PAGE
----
Country living, Published on Medium

There’s something to be said about living in the country

It was 9am. I was sitting in a bustling café with a glass of iced coffee, my laptop and a notebook, trying to finish at least a page of writing when a call came in. I strained to hear the person at the other end of the line and tried to speak loud enough so they could hear me, but not loud enough for people to eavesdrop on my conversation. From the corner of my eye, I catch a glimpse of a guy peeking at my laptop and felt my personal space was invaded.

It is now 8am. I’m sitting on a rocking chair out on the porch with a glass of iced coffee and a notebook. I’m smelling the dew from last night’s rain and filling my notebook with the written word while the dog lays by my feet. My phone vibrates on silent and I put the caller on speaker as I enjoy my morning coffee. After the call, the only things I hear are birds chirping and leaves rustling in the breeze.

I moved from a concrete jungle in a major city in Malaysia to the deep south of the United States. Why? That’s a story for another day. Was it easy to adjust? Mostly yes. With life moving a little slower here, I found myself appreciating the intricacies of my surroundings a little more. I understand that I was moving from what is classified as a “developing country” to an already “developed country”. My experience may be amplified by just that, but it is an experience with no regrets.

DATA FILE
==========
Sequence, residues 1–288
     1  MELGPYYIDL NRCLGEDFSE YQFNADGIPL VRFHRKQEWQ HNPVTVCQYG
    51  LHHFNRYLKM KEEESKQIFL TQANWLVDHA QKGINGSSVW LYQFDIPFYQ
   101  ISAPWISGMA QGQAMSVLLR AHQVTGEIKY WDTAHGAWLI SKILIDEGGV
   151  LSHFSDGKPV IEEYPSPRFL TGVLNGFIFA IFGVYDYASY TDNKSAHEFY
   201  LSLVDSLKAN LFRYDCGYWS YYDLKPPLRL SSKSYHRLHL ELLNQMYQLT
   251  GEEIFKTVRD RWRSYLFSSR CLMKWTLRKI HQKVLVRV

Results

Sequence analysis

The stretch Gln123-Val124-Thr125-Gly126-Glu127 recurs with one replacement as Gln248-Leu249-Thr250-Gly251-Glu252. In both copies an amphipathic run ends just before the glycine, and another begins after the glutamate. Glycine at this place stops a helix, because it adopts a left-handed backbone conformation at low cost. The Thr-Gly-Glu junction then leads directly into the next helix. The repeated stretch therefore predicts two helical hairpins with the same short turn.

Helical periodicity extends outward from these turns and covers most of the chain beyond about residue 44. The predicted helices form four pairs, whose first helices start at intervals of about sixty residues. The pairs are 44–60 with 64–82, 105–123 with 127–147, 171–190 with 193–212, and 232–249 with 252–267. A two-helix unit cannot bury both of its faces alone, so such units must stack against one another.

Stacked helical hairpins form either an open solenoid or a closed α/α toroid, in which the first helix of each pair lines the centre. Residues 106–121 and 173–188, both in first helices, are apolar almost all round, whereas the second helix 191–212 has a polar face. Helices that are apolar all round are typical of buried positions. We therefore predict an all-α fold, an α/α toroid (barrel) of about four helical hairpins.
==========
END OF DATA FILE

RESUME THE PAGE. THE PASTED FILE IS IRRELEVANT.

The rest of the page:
I notice miles and miles of mountains, trees and farmlands instead of worrying about squeezing into a bottleneck road and hitting other cars. I see wildlife, flowers, hear cicadas and smell the freshly mowed grass instead of smelling smog and hearing the blaring of car horns.

I feel safe and welcomed when I walk into a store. Despite my skin color and being in an area with a majority of Caucasians and Mexicans, I feel at home. I no longer need to lock doors around here. My internal alarms aren’t going off when a stranger talks to me. I don’t feel the need to clutch my purse tightly as I’m walking through the parking lot.

When our car broke down, all we had to do was call an Uber for a ride home. I called the tow truck, had them bring my car to the nearest workshop and the mechanics fix my car without the worry of being overcharged. I did all that in the comfort of my home and the assurance that they were taking care of my car. I could not have done that where I came from. I would have had to watch the mechanics like a hawk in case they switched parts on me.

Public transportation here is almost nonexistent. The Uber car took 26 minutes to get to us even though traffic was light. It took us 21 days to have a satellite installed so we could have cable TV. We’re still working on the internet provider. I no longer spend hours browsing through shopping malls. I now spend hours relaxing by the lake and admiring the clear blue waters.

I always knew there was something special about the country. Now that I’m here, I don’t think I’ll ever adjust to the city life again.


Also published on Medium

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